Shopping center developer accuses site owner of conspiring against him

At a public meeting in 2011, Bruce Mortimer, Anderson Honda owner, shows a photo of the original store at 25th and Howard streets, where a shopping center was proposed at the site, once the dealership moved to Hunt Valley. Now, the Remington site is tied up in a legal dispute.
At a public meeting in 2011, Bruce Mortimer, Anderson Honda owner, shows a photo of the original store at 25th and Howard streets, where a shopping center was proposed at the site, once the dealership moved to Hunt Valley. Now, the Remington site is tied up in a legal dispute. (File photo/2011)

The jilted developer of a planned shopping center in Remington claims in newly filed court documents that the property owner "contrived a plan" to terminate the sale of the 11-acre site and sell it to another developer instead.

Developer Rick Walker made the allegation May 29 in Baltimore City Circuit Court, in response to a lawsuit filed in March by Bruce Mortimer, whose family owns Anderson Automotive Group at 25th and Howard streets, where Walker was planning to build 25th Street Station.


Mortimer's motion for summary judgment asks a judge to uphold the termination of sale agreements with Walker's group, WV Urban Developments, so that Mortimer won't have any legal issues with selling the land. Mortimer has said he terminated the agreements because Walmart missed a deadline of Sept. 30 to sign a purchase agreement for its portion of the property.

Clipper Mill-based defense attorney Arnold Weiner, representing Walker and WV as defendants in Mortimer's lawsuit, filed a motion in opposition, saying Walker and WV have already spent $6.3 million on the project and making clear they would not forfeit that money without a fight.

Central to Weiner's case is his contention that Mortimer strung Walker and WV along with the intention of dropping them as developers.

"Mortimer, in concert with other developers, contrived a plan to encourage defendants to continue the development process so that Mortimer — once defendants had overcome all obstacles and obtained necessary approvals — could then declare the (property sale) agreements terminated, seize the fruits of defendants' hard work and turn (the site) over to a new developer, who would work in concert with Mortimer to develop the properties for their own individual benefits," Weiner's motion states.

Mortimer announced earlier this month that he is now selling the land to Seawall Development Corp., a local developer of affordable housing for young teachers. He called Seawall "a catalyst for change" in the Remington neighborhood.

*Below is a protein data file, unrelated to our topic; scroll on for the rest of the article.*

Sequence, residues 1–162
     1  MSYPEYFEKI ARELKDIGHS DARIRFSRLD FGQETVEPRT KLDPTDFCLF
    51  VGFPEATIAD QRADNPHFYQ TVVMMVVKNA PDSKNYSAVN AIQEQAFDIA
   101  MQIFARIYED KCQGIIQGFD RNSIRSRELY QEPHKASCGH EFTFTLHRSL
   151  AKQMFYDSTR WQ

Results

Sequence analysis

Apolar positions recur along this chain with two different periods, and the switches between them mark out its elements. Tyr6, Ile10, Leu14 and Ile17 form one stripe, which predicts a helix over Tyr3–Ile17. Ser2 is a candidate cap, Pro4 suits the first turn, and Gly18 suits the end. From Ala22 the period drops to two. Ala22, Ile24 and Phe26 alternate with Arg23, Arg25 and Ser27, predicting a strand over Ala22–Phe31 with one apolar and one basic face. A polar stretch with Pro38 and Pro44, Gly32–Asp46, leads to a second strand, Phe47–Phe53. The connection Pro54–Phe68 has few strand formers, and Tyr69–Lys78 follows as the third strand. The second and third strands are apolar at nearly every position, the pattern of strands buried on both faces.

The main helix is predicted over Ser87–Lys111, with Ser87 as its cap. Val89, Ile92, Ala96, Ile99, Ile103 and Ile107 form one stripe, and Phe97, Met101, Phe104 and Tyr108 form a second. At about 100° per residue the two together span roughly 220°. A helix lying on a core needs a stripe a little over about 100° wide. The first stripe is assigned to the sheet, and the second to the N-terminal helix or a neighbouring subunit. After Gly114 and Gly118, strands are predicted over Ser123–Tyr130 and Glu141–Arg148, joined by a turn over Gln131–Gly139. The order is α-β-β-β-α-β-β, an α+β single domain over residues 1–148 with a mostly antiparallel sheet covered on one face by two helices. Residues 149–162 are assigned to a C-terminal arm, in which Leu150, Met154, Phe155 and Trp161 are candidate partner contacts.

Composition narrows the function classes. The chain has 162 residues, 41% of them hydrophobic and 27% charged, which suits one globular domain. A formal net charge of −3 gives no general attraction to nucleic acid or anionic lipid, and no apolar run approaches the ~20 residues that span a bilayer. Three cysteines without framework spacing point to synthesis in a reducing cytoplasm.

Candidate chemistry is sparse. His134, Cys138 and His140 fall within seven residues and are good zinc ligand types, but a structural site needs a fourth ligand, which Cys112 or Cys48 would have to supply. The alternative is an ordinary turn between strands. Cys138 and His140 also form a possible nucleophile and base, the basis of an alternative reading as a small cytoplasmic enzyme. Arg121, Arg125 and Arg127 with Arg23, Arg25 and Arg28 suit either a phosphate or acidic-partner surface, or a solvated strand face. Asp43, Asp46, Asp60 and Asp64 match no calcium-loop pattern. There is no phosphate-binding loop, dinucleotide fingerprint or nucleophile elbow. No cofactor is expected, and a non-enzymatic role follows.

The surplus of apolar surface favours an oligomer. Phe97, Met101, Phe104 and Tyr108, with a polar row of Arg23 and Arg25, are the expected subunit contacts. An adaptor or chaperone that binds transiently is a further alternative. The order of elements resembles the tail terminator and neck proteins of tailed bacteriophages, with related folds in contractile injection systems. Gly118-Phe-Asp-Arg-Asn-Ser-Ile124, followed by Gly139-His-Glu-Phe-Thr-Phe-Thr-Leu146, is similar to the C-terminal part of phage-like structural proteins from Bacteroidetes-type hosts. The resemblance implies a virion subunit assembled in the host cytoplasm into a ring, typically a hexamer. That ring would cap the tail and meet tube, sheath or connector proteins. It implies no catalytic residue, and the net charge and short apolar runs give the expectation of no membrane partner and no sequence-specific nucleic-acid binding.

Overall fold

Jon Laria, WV's Baltimore attorney, said last month the company has a valid contract with Mortimer,

"It's truly unfortunate that a good developer has been put in this position and that Seawall is now putting itself in the middle of this, but WV can't possibly walk away from $5 million and four years of sweat and blood on a project with such broad support from the city and community," Laria said last month, after Mortimer filed his lawsuit.

Mortimer would not comment on the response, and Seawall officials did not return phone calls seeking comment.

Weiner contends that Walker, a developer with 35 years of experience who has built 10 million square feet of commercial real estate — including the Rhode Island Plaza shopping center in northeast Washington — brought to Mortimer "a creative vision" for the property in Remington that Mortimer himself has praised on several occasions.

Walker and WV have spent $1 million alone to oppose lawsuits that were filed by four Hampden residents challenging the project as too massive for the area, Weiner states in his motion. Walker and WV also voluntarily paid to dig up a sewer "arch drain" and purchase a CSX easement — both of which were potential impediments to development of the site, the motion states.

Walker and WV incurred attorney fees and other expenses in lobbying successfully last year for City Council passage of Planned Unit Development zoning for the site, the motion states.

The development team also worked hard to keep Walmart from backing out of the project, knowing that Walmart was afraid of the residents' lawsuits challenging the PUD, the motion states.

In his motion, Weiner stopped short of naming any of the developers Mortimer might have consulted or conspired with.

Weiner also said he plans to file additional motions, "in order to prevent (Walker and WV) from falling victim to an opportunistic, unprincipled and unwarranted action" by Mortimer.


Weiner said it is "pretty typical" for developers to spend a large amount of money on projects before the sale is completed. He also said that Walmart was right to move slowly on signing its purchase agreement out of concern about the residents' lawsuits. Those lawsuits were dismissed by the Maryland Court of Appeals earlier this year.

Walmart, which had already signed a letter of intent, signed its purchase agreements March 29, nine days after Mortimer announced the termination of those agreements, according to Weiner's motion.

Weiner said that Walmart was worried about the PUD process and about the residents' lawsuits dragging on for years before a ruling was made. Walmart didn't want to commit to the project officially until those issues were resolved, Weiner said.

"I think that was a prudent business decision on their part," he said.

In his motion, Weiner said Mortimer appeared to have no problem with it, even telling a Walker associate at one point that he was "happy to proceed" with sale agreements, as long as he was comfortable that "we are pursuing every possible remedy."